Main content area

Suitability of Pea Starch and Calcium Alginate as Antimicrobial Coatings on Chicken Skin

Mehyar, G.F., Han, J.H., Holley, R.A., Blank, G., Hydamaka, A.
Poultry science 2007 v.86 no.2 pp. 386-393
chicken meat, chicken skin, peas, starch, alginates, phosphates, food preservatives, Salmonella, food pathogens, foodborne illness, disease prevention, pH, adhesion, absorption, antimicrobial properties, contact angle, weight, edible films, sodium phosphate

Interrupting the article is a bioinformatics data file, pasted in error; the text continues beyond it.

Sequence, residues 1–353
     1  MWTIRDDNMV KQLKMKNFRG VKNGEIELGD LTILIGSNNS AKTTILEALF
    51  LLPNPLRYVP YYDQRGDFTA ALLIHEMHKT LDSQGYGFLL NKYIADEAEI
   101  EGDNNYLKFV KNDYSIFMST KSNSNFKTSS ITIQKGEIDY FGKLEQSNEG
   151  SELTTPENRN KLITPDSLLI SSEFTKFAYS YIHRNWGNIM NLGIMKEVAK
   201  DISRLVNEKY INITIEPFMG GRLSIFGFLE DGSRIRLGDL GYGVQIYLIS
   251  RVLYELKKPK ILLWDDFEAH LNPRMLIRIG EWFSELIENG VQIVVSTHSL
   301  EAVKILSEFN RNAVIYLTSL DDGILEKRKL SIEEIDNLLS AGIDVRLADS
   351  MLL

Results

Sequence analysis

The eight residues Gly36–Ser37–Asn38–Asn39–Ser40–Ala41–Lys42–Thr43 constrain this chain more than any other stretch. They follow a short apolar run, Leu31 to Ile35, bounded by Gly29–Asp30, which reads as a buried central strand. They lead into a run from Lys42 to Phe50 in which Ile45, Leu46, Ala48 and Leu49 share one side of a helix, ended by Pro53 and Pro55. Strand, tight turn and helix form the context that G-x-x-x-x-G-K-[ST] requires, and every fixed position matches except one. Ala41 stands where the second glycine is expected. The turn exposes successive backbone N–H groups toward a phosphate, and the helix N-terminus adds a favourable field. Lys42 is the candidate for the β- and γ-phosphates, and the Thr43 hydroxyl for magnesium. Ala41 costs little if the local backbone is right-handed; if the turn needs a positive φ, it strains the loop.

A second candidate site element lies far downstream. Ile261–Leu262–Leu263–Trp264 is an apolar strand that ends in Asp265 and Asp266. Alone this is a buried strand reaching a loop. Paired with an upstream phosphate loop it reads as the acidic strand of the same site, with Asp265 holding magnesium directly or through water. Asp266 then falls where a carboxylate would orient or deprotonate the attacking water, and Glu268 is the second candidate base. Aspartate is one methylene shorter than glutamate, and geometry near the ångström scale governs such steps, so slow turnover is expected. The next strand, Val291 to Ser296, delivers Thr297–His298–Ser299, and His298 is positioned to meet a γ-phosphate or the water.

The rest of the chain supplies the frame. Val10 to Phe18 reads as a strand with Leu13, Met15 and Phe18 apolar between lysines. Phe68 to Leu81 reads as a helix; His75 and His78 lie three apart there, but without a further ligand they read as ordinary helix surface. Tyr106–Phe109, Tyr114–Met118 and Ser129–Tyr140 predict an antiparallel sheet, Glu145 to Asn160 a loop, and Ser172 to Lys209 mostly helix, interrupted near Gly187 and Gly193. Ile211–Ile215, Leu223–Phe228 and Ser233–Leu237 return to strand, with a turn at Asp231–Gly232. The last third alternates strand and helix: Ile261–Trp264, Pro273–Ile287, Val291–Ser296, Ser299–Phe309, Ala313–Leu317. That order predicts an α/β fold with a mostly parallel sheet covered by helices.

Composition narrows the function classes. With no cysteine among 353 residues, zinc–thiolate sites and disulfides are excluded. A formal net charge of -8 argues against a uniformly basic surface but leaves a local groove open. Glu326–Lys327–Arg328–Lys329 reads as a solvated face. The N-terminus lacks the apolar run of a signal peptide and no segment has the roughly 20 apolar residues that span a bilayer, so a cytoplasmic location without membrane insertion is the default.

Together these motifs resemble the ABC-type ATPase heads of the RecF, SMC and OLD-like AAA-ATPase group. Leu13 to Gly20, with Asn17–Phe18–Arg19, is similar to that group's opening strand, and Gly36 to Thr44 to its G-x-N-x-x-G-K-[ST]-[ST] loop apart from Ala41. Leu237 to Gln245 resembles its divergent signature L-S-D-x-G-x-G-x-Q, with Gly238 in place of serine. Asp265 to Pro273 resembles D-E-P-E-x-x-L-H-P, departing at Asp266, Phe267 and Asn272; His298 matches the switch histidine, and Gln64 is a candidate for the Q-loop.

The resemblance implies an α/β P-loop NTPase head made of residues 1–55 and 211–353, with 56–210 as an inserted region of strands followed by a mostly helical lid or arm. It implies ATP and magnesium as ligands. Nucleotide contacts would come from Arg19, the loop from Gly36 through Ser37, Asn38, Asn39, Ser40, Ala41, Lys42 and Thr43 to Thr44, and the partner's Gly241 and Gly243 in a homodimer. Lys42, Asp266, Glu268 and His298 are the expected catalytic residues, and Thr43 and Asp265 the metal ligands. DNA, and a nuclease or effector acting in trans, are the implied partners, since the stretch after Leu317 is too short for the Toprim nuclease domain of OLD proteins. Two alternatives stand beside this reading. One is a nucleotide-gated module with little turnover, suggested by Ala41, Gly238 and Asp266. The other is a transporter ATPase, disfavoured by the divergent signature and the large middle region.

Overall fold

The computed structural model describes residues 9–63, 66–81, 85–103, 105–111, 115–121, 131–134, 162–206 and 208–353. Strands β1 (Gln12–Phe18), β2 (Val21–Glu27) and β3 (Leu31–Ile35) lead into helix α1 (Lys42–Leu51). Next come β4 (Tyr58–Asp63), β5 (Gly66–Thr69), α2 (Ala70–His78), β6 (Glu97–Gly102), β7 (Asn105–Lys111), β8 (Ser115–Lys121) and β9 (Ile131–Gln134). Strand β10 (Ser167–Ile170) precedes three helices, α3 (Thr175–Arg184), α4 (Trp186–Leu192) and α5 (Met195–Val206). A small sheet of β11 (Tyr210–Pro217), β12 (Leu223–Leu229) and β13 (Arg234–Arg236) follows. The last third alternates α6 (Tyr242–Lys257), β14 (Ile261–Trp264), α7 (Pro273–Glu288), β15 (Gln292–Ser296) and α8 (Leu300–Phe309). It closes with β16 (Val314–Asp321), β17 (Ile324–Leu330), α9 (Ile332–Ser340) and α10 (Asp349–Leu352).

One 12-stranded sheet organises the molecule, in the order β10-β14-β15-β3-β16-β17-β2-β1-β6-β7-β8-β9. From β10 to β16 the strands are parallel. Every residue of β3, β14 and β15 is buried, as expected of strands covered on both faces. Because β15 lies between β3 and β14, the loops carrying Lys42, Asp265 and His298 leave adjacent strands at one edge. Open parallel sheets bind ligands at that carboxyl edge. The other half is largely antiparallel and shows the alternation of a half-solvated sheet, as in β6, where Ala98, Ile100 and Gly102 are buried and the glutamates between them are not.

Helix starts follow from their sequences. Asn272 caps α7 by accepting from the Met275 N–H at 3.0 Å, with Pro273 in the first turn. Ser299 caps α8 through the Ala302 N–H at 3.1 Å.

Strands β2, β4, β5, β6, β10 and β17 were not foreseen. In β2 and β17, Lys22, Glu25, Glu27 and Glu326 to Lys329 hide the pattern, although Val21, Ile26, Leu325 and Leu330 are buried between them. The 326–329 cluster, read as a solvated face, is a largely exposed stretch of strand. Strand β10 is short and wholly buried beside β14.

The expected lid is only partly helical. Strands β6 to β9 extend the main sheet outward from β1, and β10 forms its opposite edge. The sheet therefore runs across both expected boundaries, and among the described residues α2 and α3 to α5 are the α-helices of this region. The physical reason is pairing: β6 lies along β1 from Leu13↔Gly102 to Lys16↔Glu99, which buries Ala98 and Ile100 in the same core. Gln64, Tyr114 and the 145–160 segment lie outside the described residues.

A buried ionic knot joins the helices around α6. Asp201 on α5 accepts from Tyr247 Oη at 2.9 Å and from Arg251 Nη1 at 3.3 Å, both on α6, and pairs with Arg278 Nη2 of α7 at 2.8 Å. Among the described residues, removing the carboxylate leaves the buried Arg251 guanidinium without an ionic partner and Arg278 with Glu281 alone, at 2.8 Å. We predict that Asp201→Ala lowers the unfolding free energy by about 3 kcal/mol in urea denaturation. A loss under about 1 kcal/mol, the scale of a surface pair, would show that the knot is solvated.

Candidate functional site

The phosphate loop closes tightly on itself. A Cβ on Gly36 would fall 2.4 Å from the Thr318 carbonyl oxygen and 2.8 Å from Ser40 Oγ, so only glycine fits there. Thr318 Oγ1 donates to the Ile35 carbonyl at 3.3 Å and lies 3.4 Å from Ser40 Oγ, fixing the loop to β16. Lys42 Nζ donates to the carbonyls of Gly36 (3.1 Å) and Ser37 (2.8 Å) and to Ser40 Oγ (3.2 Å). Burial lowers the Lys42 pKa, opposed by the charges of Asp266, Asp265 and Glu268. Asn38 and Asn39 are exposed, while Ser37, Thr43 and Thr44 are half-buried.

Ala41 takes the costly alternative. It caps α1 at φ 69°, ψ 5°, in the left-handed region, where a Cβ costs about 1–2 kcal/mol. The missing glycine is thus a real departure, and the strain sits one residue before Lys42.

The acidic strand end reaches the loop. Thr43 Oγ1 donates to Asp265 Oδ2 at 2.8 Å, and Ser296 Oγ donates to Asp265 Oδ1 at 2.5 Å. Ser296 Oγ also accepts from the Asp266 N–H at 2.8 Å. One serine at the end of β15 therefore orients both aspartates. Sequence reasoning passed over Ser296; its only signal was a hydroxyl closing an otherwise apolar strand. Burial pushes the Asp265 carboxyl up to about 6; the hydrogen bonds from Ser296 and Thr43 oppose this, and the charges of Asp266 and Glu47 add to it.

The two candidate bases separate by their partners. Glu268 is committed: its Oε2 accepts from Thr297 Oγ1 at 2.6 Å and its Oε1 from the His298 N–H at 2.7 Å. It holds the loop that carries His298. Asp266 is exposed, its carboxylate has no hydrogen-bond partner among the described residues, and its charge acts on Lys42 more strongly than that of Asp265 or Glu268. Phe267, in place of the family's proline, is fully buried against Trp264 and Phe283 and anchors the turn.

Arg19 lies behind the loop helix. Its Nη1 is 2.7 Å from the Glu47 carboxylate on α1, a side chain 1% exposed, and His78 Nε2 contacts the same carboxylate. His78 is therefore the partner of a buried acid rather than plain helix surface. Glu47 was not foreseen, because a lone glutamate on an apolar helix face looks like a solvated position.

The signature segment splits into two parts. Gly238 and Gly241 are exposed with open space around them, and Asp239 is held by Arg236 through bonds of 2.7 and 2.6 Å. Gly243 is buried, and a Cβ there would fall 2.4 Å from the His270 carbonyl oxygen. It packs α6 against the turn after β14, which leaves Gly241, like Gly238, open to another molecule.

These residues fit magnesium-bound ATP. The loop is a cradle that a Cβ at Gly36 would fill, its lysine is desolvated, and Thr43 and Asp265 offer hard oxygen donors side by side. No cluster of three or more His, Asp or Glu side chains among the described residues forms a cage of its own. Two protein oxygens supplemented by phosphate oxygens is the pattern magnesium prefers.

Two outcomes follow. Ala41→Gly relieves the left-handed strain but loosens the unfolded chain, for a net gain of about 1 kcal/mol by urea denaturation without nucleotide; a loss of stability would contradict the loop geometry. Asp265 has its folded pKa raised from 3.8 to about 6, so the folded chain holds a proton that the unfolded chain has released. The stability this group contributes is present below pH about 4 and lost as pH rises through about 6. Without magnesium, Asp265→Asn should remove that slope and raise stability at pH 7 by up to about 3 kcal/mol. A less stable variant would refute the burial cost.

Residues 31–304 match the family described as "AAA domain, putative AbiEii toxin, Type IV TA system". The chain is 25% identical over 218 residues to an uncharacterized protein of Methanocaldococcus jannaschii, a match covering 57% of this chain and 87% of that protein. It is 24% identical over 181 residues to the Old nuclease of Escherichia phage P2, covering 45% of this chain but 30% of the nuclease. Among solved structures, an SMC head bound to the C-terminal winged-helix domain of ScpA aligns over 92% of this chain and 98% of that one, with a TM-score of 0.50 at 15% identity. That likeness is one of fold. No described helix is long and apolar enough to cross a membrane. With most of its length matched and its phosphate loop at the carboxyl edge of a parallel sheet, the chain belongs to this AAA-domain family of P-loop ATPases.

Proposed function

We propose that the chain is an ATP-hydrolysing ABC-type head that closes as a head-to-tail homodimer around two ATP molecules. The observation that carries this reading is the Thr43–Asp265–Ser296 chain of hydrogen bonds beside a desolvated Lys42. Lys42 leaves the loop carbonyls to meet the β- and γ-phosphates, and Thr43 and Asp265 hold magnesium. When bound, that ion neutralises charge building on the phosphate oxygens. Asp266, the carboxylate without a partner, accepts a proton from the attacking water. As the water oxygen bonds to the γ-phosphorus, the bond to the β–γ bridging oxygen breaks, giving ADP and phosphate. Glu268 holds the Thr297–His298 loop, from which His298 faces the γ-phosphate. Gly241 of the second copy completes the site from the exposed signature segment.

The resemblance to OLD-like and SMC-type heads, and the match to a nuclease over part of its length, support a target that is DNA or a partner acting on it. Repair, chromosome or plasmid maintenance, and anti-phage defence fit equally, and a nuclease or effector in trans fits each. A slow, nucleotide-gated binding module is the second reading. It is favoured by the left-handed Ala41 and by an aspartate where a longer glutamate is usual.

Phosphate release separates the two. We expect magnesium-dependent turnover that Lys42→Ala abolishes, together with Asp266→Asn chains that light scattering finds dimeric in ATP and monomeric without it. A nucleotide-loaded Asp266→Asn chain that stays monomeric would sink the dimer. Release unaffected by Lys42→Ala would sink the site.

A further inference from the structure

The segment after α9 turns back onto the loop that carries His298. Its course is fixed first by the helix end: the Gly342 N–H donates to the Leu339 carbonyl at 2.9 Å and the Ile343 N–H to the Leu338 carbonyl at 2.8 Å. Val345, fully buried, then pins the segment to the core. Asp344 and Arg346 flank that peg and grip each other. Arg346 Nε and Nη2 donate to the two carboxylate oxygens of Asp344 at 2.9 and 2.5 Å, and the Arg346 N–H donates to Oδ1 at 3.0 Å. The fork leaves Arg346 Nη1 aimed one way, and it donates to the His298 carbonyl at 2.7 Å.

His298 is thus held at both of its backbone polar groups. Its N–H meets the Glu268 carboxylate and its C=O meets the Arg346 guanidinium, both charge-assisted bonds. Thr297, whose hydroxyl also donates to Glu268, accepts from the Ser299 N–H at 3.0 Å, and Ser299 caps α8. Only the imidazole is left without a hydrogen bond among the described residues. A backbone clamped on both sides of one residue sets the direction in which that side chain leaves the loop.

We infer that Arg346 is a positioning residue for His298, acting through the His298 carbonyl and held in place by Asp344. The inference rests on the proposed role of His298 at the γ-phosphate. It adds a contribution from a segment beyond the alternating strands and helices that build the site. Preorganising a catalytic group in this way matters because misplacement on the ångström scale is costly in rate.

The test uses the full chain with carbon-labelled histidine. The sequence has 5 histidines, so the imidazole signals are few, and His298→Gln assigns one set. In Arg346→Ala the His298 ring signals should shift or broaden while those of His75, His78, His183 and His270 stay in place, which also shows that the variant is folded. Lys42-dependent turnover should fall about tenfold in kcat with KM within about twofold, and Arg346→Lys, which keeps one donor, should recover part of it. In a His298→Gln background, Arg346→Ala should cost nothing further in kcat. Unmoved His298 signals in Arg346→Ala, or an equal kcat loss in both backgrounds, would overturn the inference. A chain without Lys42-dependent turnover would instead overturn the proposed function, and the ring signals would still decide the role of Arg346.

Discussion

The effect of incorporating trisodium phosphate (TSP) in pea starch (PS) and acidified sodium chlorite (ASC) in calcium alginate upon the antimicrobial activity of TSP and ASC was studied against a 3-strain cocktail of Salmonella inoculated on chicken skin. The influence of polymer coating concentration on skin pH, coating-skin adhesion, and coating absorption upon antimicrobial performance were investigated. Aqueous solutions of 0.5 to 4.8% (wt/vol) PS were prepared with 10% (wt/vol) TSP (PS + TSP coating), and alginate + ASC coatings contained 1% (wt/vol) calcium chloride in 1,200 ppm of ASC mixed with an aqueous solution of 0.5, 1.0, or 1.5% (wt/vol) sodium alginate. Coating drops (10 microliter) were placed on chicken skin thighs, and the angle formed by the tangent of the liquid surface at the skin interface (contact angle) was measured using a digital camera to assess coating-skin adhesion. Excised skins were mounted in a ring holder, and 5 mL of the coatings was applied to the skin. Weight changes in the skins that were related to coating absorptiveness were recorded. The TSP dissolved in 3.5% PS and ASC in 1% alginate reduced Salmonella by 1.6 log cfu/g and 1.4 log cfu/g, respectively, within 24 h. These reductions were significantly greater than those caused by TSP or ASC alone in water for up to 120 h. In coatings, TSP and ASC caused significant elevation or reduction of skin surface pH for up to 120 h, respectively. The TSP destabilized PS with 88% of the coating having dripped from the skin 1 h later. Coatings with 0.5% PS were absorbed quickly by the skin and had high skin adhesion, whereas those with >3.5% PS had low skin adhesion and slow absorption. Alginate coatings with or without ASC were stable, and about 50% of the coating weight was retained at 120 h. The latter coatings appeared to have low absorptiveness because the skin gained approximately 1.0% of its weight within 60 min following application. These findings indicate that effects of the agents in coatings on skin pH, the extent of coating adhesion, and absorption may contribute to overall antimicrobial behaviors.